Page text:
Sunday, 6 October 2013

Running Chromium OS in QEMU

If you'd like to have a taste of Chrome/Chromium OS before buying an actual Chromebook, the recommended way used to be to download the Hexxeh images, and run them in a virtual machine (Virtualbox). However, these images are now quite outdated.

The steps I mention here use development Chromium OS builds, made available by the Chromium developers. The resulting "experience" is still quite different from running Chrome OS on a proper device: there is no graphics acceleration, there are no applications installed by default, and the user interface is painfully slow. However, this is still good enough to get a general idea (or do some development).

Fetch the image

First, go the Chromium OS builders page, then click the architecture you want. This following assumes you are picking amd64 generic full (only use full images, don't even try the other ones), but other architectures should also work. On the next page, choose one of the builds, for example, #9624. Then, under step 16. Report, click on Artifacts. You are presented with a list of files: download chromiumos_qemu_image.tar.xz.

Extract the image

Now, let's extract the image. It is a 8GB file, but contains mostly mostly zeros. We use dd to recreate a sparse file, to save a significant amount of disk space:
$ tar xvfO chromiumos_qemu_image.tar.xz chromiumos_qemu_image.bin |
dd of=chromiumos_qemu_image.bin conv=sparse
If you have a lot of hard drive space, you can ignore that, and simply run:
$ tar xvf chromiumos_qemu_image.tar.xz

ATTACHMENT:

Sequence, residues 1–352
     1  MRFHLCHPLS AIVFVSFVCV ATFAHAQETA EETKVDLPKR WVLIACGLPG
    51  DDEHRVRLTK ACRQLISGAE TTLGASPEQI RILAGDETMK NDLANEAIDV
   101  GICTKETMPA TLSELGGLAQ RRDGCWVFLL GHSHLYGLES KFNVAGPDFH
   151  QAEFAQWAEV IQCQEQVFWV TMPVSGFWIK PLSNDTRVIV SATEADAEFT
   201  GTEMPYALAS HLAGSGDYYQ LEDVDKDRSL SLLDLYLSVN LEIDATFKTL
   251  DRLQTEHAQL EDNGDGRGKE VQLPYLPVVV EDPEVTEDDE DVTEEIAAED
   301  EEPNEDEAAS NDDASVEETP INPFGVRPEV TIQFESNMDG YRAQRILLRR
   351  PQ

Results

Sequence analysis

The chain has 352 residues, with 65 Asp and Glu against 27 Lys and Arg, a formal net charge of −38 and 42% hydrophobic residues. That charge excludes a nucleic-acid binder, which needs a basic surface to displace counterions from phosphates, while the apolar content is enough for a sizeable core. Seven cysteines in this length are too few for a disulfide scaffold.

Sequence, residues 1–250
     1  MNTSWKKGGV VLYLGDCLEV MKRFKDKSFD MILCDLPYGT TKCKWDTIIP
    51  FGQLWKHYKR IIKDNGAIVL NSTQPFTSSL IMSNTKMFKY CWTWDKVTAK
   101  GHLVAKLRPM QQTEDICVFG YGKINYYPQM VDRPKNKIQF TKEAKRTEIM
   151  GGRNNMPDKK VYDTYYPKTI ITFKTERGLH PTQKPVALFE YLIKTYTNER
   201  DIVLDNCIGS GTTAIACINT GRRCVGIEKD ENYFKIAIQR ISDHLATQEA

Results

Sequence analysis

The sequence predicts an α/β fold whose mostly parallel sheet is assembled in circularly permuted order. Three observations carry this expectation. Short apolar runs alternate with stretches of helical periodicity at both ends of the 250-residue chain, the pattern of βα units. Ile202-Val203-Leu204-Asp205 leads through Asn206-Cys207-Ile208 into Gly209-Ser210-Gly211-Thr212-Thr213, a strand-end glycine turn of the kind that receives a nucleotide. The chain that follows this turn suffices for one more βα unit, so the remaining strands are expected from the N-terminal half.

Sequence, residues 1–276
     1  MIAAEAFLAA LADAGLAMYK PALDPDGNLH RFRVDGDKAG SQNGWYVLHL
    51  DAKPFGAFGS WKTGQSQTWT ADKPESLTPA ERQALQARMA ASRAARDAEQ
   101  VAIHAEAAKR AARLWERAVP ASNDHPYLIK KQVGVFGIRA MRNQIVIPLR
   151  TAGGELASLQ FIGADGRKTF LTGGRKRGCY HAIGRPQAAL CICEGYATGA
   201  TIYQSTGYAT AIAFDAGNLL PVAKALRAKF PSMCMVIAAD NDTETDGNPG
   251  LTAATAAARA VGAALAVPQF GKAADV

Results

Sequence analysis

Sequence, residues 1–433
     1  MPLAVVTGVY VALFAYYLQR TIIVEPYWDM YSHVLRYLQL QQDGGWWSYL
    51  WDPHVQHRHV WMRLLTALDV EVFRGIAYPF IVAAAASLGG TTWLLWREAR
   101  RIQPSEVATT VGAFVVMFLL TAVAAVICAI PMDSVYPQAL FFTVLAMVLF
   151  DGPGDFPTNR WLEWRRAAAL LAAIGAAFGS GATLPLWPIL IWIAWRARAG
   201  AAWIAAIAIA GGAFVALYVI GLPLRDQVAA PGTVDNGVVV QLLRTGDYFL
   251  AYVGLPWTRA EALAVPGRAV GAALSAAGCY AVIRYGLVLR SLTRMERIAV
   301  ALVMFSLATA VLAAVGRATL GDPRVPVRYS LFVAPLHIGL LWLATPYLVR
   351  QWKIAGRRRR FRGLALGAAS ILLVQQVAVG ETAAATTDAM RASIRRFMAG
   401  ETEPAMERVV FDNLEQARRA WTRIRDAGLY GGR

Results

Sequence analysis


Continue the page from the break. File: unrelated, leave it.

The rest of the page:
Start QEMU

Now, let's start QEMU:
$ qemu-system-x86_64 -enable-kvm -m 1024 -net nic -net user -redir tcp:9922::22 -hda chromiumos_qemu_image.bin
If permissions are setup properly, you do not need to run this as root.
The parameters serve the following purpose:
  • -enable-kvm: Makes sure we use hardware virtualisation extensions.
  • -m 1024: Give 1GB of memory to Chromium OS. If you don't specify this, the default is 128MB, which is far from enough to run Chromium OS.
  • -net nic -net user: creates a virtual ethernet interface
  • -redir tcp:9922::22: Since those are development builds, they come with an SSH server. This redirects local port 9922 to the chroot's port 22 (more on this later)
  • -hda chromiumos_qemu_image.bin: Use the image as hard drive.
And now you should see Chromium OS booting. In some cases, you may be unlucky, and the build you have picked may be broken (remember, those are development builds). In this case, pick an older build (2-3 days older at least), and retry.

Access the virtual machine via SSH

This is mostly useful for developers. The SSH server only allows login via public keys (no password authentication). To setup the public key, follow the following steps:
  • Setup a SSH private/public key pair on the host machine, if you don't have one already.
  • Copy the content of ~/.ssh/ into a pastebin, Google Doc, or whatever web page you can access from the Chromium OS.
  • In Chromium OS, browse to the pastebin/Google Doc, and copy the key information.
  • Then press Ctrl-Alt-T: this opens a new crosh shell, and type:
> shell
$ cd
$ mkdir .ssh
$ cat > authorized_keys
  • Then paste the content of the key, using Ctrl-Shift-V, and press Ctrl-D to terminate.
Now you can access your QEMU "Chromiumbook" from your host, using:
ssh chronos@ -p 9922
And you can even mount a shared directory on the virtual machine with something like:
sshfs chronos@ ssh.qemu -p 9922
I you later restart QEMU, you will need to login in Chromium OS before the steps above work again.
That's it! I find this particularly useful when I develop for crouton/chroagh, as I only have a Samsung ARM Chromebook. With this setup, I can test my code on x86 and x86_64 architectures.